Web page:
The City of Tucson wants to create four areas of growth and development around its planned streetcar line.

They are areas where city officials hope to create an opportunity for transit oriented development.

Charles Hales, senior vice president at HDR Engineering in Portland, Ore., who presented the case to city officials, said the foremost element that can foster development around a transit line is supportive land use plans.

Ernie Duarte, director of the city’s Planning and Development Services, has identified areas where development could occur and is working on land-use planning. 

Jim Mazzocco, a planning administrator in Duarte’s department, is the lead on the project.

“First, we are looking at the area of the streetcar line between Euclid and Park along University,” Mazzocco said. “In the 1980s, a policy was put in place that put a 40-foot limit on development in that area. Every time someone has come to ask for an exception it has been granted, but we are going to ask the mayor and council to revisit the 40-foot height limit and see what height might be more practical. This could encourage mixed-use developments in that area where more people could walk to the streetcar.”

Duarte said the next area is an infill incentive district along Stone Avenue, Oracle Road, Sixth Avenue and 12th Avenue. “The boundaries for this district were created in 2006 and development within this district allows relief from some certain land use code requirements such as parking, height and others for projects more in line with urban type development.”

Projects currently underway are taking advantage of these allowances such as UniSource’s new Tucson Electric Power headquarters building at Broadway and Scott Avenue downtown.

Within the infill incentive district is another area Mazzocco calls the downtown core.

“Within this area, there is a greater set of dimensional requirement relief,” he said. “We are asking for developers to utilize some of the best practices of urban design and in exchange all sorts of things are waived for them.”

Some of the best practices include: parking to be located around back or on the side of the building; if there is a parking garage, the first floor must be screened from view. The first floor of buildings should have see through windows and door and shade structures are encouraged along the street. Buildings are also encouraged to be near the sidewalk.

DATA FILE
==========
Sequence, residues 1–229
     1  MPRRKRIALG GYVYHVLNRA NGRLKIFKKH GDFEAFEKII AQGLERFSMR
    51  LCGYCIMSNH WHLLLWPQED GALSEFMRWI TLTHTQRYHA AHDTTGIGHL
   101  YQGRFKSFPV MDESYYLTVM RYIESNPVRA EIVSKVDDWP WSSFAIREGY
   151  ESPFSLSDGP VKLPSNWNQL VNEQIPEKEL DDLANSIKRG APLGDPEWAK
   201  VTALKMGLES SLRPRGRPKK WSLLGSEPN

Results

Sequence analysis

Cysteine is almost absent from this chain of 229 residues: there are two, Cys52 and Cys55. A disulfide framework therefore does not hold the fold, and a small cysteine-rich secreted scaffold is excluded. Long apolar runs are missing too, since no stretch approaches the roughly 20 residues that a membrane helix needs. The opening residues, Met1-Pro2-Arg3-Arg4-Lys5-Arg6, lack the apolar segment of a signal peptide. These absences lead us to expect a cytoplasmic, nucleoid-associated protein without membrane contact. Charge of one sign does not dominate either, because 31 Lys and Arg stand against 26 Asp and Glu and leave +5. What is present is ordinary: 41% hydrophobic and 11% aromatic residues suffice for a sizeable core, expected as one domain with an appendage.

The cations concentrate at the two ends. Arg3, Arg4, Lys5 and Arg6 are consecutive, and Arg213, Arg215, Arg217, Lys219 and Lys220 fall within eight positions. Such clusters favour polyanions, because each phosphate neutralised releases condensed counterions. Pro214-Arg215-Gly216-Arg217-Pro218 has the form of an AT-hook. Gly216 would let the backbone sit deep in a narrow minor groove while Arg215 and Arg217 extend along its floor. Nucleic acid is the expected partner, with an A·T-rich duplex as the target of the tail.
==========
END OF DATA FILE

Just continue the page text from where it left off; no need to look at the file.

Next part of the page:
For developers’ cooperation in use of some of the best practices, the city would be able to waive setbacks, floor area ratios, lot coverage maximums, landscaping requirements and parking requirements. These waivers are dependent on the submittal of acceptable streetscape plan and a transition plan, if necessary.

“So the city is really getting something back for allowing the waivers,” he said. “We are working on getting this area’s incentives through the planning commission and we hope to put it before the mayor and council in late September.”

The final area is called the Downtown Links overlay. It runs along the Union Pacific railroad tracks north of the warehouse district, crossing Fourth Avenue over to Interstate 10. 

“Currently most of that land is zoned for industrial, but the city Transportation Department hired a consultant to review that area and we are now following up with a design study to allow for a zoning option in this area,” Mazzocco said. “We are looking to put in medium to high-rise type development here. This change will provide a lot of flexibility there for infill development you can’t do right now.”

He said the mayor and council adopted an urban overlay district ordinance—which is an enabling ordinance which allows the rezoning to occur.

“We knew the concept and where we wanted to go, but we didn’t have a vehicle for it,” Mazzocco said. “This will help us get that done.”

Mazzocco said the Downtown Links project is a key area for growth and has the most opportunity to change and be redeveloped as it doesn’t have as many historical preservation buildings in it.

The work isn’t over yet on their part. Mazzocco is working with the city’s Housing and Urban Development Department on an application for a national HUD Community Challenge Grant.

“Our local HUD put in a pre-application and was accepted so now we’re working on the actual application which is due by the end of the month,” Mazzocco said. “With this money we would be able to do a further planning study along the streetcar corridor, looking for opportunities or places we’ve missed for transit oriented development locations. Now it’s not guaranteed, we’re just applying, but we are going to take advantage of any and all opportunities we can to look at this.”

So far there has been some interest in developing along the route from the private sector, according to Mazzocco.

“We’ve had a few nibbles here and there,” he said. “Some are very interesting proposals, but we’d like to see what other proposals come forward as well. We’d like to see many of them come to fruition in the areas we want to make progress.”

Contact Joe Pangburn at or (520) 295-4259.